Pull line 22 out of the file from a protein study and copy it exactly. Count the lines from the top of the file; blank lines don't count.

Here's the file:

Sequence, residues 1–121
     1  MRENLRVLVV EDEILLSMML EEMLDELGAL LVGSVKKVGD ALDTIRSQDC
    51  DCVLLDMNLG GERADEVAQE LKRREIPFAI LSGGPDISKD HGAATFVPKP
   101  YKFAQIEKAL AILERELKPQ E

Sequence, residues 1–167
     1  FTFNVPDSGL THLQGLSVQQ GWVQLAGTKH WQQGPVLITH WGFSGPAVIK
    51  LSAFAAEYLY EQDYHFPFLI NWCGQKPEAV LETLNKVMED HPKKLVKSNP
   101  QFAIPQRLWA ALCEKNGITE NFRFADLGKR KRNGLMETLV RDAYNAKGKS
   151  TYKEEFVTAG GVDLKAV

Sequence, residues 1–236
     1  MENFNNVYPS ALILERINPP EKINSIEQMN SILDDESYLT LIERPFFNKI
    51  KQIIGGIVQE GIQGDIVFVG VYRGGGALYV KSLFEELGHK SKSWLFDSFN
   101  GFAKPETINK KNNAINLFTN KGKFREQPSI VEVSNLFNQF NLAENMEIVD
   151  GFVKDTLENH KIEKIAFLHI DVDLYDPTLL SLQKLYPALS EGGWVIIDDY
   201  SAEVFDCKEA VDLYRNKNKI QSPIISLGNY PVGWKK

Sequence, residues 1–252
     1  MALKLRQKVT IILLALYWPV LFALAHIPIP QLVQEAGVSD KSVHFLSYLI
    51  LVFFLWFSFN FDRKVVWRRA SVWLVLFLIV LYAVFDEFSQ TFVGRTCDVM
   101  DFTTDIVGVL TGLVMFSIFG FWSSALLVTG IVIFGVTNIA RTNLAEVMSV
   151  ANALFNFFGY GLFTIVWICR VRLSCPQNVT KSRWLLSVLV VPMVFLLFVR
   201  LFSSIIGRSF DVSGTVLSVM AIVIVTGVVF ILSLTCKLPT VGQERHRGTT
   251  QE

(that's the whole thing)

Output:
   251  QE